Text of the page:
8. #8 by Mike Cook on 7 September 2010 - 06:17

    Hello David,

    The theory you are referring to is the Four Rooms of Change from Claes Janssen. You can find more information at http://www.fourroomsofchange.net.au or http://www.claesjanssen.com. I am unsure of why your readers are now trying to make connections with positive psychology here. The key learning for me with the theory has been that it is okay to be any of the four rooms. It is a natural and healthy part of life – just like the four seasons of Summer, Autumn, Winter and Spring. In fact, owning our own emotions is critical if we want to move forward. On the other hand, focusing on ‘staying positive’ starts to sound a tiny bit like denial to me.

    • #9 by David Winter on 7 September 2010 - 07:17

      Thanks for the information and links, Mike.

      Are the ‘Sun Lounge’, ‘Dungeon of Denial’, ‘Pit of paralysis’ and ‘Revolving Door of Reality’ part of the original FRoC or an addition by P. Hind? (Because they are my favourite bits!)

      I’m curious about how much the FRoC owes to the Kübler-Ross model of change.

      On this blog we like to discuss and make links between all sorts of things – it’s part of the fun of exploring theory.

      From my limited understanding, I’m not sure that positive psychology proper really advocates ‘staying positive’. It acknowledges that people experience negative emotions but, rather than focusing on why people get stuck in negative experiences, it tries to get people moving towards the room of Renewal by showing them how to develop optimism and constructive behaviours.

  9. #10 by Mike Cook on 9 September 2010 - 07:58

    Hi David,

    I believe the ‘Sun Lounge’, ‘Dungeon of Denial’ and ‘Pit of Paralysis’ were added by Ashridge Business School who borrowed Claes’ model and renamed it as the ‘Change House’. They are nice ideas but there is no actual research that actually confirms their existence. The idea however that an individual can get stuck in one of the four rooms for an extended period time (e.g. 20 years in denial) has been clearly shown. I personally like the idea that there are ‘doors’ which lead you from one room to the next which helps to explain how this can happen. If you can’t find the door, you may never leave the room!

    There appear, on the surface, to be some similarities to the work of Elisabeth Kuebler-Ross but – while they both developed their theories in the 60s and 70s – there is no evidence that she and Claes actually ever met. The transition curve from EKR, William Bridges, Rosabeth Moss-Kanter, Accenture et al maps a response to change against time along a x/y axis. The Four Rooms of Change are four psychological states of mind which can actually be measured – a big difference.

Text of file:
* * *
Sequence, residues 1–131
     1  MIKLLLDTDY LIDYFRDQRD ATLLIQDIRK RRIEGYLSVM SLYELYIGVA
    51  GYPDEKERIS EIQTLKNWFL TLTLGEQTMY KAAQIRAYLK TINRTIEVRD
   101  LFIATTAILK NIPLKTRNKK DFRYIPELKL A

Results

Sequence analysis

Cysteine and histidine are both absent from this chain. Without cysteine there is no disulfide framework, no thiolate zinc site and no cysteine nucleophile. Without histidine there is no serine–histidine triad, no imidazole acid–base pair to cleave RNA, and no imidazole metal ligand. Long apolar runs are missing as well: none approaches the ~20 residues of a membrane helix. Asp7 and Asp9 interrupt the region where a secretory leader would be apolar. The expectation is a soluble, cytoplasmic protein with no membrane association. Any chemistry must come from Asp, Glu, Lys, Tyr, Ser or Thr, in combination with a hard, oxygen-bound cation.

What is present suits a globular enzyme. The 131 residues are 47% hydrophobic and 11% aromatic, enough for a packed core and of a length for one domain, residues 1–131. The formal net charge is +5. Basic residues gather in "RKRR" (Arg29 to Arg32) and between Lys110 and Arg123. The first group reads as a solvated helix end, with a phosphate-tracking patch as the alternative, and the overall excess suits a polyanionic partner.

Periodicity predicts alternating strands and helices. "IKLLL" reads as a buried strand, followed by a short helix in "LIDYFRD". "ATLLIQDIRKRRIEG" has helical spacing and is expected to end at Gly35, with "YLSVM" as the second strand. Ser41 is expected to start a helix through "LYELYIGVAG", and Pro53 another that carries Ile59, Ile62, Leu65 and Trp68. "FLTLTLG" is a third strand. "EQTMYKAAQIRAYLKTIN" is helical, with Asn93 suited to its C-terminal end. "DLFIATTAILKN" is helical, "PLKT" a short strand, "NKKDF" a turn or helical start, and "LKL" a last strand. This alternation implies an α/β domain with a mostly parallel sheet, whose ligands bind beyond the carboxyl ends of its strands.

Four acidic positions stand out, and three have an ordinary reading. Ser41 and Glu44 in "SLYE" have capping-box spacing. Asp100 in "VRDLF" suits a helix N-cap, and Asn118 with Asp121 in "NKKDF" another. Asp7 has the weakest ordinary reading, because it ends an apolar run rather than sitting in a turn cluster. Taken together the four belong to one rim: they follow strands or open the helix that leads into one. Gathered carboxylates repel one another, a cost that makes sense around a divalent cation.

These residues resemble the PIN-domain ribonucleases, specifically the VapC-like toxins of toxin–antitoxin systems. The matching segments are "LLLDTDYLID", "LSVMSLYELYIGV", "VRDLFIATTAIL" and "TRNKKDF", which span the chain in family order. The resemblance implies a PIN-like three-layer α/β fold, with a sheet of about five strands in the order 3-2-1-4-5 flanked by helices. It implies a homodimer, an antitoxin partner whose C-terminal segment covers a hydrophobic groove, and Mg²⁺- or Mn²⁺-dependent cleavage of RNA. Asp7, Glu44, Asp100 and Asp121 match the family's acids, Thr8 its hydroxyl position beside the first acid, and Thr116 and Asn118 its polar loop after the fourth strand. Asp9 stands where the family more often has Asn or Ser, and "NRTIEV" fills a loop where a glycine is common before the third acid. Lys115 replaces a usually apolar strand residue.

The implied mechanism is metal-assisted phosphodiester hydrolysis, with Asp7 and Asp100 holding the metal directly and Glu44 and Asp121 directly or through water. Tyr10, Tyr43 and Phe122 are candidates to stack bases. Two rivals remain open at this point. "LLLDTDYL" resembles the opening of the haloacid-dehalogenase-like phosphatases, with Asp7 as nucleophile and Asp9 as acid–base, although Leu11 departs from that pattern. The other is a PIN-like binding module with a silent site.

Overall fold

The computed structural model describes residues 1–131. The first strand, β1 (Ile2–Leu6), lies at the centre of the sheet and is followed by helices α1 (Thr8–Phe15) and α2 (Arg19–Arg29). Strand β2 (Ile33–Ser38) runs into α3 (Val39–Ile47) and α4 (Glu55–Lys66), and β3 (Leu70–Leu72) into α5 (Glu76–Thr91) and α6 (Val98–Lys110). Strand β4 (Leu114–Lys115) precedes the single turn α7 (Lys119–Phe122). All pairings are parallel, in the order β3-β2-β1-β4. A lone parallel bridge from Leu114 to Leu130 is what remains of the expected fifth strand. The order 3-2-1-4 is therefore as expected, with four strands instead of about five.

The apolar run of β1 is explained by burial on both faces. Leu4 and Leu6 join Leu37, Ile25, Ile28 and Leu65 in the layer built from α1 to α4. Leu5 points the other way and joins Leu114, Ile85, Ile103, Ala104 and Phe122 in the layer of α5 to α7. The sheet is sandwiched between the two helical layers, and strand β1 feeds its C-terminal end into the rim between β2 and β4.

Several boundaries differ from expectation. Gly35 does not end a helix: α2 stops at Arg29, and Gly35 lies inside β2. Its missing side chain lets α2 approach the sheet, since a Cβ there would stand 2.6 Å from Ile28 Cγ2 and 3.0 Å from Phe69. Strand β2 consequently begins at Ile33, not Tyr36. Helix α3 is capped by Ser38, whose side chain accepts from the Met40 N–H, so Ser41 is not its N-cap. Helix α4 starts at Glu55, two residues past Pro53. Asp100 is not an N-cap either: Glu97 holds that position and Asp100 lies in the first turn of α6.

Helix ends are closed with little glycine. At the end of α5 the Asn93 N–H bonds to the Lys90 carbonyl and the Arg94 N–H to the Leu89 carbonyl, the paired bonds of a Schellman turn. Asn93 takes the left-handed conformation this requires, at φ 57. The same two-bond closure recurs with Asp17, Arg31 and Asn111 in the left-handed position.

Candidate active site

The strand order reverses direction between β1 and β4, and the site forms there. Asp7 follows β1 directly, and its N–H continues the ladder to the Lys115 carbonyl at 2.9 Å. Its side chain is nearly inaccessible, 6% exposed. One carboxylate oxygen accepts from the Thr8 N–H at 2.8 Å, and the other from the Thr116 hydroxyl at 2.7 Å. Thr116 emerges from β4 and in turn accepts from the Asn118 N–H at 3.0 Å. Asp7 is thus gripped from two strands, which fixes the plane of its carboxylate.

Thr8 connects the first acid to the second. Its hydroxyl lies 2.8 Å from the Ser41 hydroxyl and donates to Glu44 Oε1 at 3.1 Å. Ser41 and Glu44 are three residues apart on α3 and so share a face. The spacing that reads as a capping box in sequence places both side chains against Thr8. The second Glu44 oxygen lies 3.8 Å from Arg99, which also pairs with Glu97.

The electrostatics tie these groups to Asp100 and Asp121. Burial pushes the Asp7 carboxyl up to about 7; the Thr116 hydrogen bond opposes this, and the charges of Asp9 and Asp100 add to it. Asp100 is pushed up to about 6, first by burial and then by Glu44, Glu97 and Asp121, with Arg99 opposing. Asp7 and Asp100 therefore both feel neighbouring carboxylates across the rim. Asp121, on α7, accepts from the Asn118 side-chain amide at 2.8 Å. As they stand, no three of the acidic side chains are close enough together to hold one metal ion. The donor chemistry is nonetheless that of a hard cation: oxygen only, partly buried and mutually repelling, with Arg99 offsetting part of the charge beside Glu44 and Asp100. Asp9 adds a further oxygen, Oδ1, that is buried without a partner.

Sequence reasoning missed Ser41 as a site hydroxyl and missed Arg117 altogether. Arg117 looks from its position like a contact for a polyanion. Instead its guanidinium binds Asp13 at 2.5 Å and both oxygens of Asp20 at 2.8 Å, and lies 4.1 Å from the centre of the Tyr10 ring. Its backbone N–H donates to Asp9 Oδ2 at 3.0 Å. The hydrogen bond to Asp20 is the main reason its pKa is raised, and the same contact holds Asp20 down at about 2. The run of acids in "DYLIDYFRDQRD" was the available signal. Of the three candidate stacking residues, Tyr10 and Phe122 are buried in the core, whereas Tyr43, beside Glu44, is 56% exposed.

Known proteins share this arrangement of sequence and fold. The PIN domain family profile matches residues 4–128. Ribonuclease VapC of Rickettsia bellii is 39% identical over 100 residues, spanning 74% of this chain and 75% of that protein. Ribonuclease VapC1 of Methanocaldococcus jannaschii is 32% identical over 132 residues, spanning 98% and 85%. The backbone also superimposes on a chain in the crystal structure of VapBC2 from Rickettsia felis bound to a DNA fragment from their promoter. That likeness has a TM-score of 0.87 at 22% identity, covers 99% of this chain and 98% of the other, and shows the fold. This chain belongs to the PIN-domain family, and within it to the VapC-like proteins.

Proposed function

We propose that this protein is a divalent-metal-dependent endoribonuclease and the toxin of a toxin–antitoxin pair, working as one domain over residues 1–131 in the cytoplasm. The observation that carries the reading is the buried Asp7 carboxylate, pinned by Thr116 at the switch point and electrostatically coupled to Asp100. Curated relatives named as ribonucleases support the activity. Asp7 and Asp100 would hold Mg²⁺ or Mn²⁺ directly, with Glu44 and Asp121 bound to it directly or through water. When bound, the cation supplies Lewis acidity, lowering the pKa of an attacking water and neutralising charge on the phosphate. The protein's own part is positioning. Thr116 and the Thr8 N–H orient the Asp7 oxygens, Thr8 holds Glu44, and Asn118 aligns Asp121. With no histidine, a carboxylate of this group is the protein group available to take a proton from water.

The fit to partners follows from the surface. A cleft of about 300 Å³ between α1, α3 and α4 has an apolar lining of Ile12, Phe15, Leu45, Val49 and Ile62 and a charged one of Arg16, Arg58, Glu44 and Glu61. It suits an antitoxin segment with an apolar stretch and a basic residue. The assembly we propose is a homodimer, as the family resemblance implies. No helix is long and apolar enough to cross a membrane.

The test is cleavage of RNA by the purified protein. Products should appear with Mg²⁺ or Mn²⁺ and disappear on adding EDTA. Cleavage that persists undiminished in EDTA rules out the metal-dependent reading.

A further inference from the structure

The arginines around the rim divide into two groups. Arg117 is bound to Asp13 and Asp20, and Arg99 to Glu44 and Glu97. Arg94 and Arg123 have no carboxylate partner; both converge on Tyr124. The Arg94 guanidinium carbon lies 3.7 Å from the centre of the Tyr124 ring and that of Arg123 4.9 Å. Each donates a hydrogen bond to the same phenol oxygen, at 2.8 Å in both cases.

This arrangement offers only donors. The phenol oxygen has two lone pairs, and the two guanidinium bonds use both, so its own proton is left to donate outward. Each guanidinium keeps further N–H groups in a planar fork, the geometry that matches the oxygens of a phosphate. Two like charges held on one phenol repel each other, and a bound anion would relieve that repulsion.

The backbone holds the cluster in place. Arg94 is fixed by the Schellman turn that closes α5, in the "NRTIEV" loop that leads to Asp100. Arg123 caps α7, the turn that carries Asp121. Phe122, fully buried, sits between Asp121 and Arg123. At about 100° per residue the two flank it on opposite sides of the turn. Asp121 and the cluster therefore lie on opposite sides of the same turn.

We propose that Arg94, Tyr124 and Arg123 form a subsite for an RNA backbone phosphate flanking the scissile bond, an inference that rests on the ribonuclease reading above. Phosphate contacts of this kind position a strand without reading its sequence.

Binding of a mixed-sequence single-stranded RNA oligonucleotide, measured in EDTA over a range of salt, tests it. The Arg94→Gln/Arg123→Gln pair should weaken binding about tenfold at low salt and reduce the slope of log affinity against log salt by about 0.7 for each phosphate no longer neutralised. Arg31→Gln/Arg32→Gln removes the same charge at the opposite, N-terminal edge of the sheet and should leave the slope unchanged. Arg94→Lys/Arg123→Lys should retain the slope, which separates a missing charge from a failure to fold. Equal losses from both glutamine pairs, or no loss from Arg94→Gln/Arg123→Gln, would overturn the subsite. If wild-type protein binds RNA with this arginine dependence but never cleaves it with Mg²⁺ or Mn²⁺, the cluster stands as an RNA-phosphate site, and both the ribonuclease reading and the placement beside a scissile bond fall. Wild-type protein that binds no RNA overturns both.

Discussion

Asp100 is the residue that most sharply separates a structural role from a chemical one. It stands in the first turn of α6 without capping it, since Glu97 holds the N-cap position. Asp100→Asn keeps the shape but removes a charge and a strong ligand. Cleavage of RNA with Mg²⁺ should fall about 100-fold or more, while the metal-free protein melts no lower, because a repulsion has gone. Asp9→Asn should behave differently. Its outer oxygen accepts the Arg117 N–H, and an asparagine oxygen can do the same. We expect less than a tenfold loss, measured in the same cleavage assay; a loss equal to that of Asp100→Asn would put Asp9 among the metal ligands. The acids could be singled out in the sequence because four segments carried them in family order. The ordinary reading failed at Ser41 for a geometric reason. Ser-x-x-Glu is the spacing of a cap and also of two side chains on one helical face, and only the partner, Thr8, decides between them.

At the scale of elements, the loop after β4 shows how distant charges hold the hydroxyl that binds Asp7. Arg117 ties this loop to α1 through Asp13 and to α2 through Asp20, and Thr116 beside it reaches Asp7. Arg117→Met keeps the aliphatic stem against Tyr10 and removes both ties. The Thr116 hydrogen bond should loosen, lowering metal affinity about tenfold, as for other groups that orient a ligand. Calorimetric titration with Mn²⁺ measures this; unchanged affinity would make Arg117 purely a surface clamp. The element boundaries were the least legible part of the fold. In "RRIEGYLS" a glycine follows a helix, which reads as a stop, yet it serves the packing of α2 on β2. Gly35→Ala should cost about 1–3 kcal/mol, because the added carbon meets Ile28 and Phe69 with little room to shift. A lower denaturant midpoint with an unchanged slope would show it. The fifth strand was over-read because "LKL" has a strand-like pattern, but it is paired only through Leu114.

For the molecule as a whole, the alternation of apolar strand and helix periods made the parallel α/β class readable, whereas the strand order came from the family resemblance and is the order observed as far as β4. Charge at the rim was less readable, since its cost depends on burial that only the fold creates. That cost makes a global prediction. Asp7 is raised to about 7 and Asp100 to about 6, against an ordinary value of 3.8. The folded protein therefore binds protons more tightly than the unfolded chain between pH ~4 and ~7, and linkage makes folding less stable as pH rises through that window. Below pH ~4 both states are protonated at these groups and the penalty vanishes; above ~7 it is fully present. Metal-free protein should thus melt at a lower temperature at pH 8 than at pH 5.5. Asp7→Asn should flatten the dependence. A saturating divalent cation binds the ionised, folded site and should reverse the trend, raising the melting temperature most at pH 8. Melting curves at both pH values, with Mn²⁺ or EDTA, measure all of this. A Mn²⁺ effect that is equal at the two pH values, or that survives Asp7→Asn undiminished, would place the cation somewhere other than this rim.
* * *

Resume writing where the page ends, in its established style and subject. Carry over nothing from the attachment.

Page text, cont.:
http://www.fourroomsofchange.net.au/index-business.php

    I like your definition of positive pyschology and I am convinced of the impact of learned optimism in the appropriate context. Although I have to agree with Martin Seligman when he points out that even he would prefer NOT to travel in a plane flown by an optimistic pilot.

    Thanks for a great blog!

  10. #11 by David Winter on 9 September 2010 - 10:14

    I like the Four Rooms because of its metaphorical nature, irrespective of whether the states can be measured. It’s a strong image which is easy to picture and therefore easy to understand. Reality is always more complicated than the model, but a good simple model is an excellent starting point. The metaphor rather than the measurement is what people will take away with them.

    I think the ‘Sun Lounge’, etc., are just picturesque ways of extending the metaphor to make the point that you can get stuck.

    I love the comment about optimistic pilots – I will have to remember that one! Power to the pessimists!

  11. #12 by Jim Bright on 22 August 2012 - 23:12

    One of the features of humanistic approaches is the obsession with contentment or indeed happiness? I think some of the more recent writings of Seligman is suggesting (correctly) in my opinion happiness is not necessarily the only or “best” outcome. Suffering, failing, frustration toil, etc may all result from very valuable social contributions. Working to eliminate starvation may not make one “happy”, may not even be completely attainable (I dont know) but fortunately there are people who prefer to devote their lives to address this problem rather more than personal concerns about their mood.

    The room and doors is attractive, but it also imposes a linear structure on these affective states. For instance not all change is first denied and then followed by confusion. Change can be embraced and then confusion can set in! Renewal can result in Denial, and Contentment does not necessarily require one to be “in the momentum”. (Given my waist line that would have to be a very big moment indeed, and I worry there might not be room for anyone else inside whatever moment I clamber into, and the idea of not being able to share my moment saddens me!!!).

  1. Is your work meaningful? « Careers – in Theory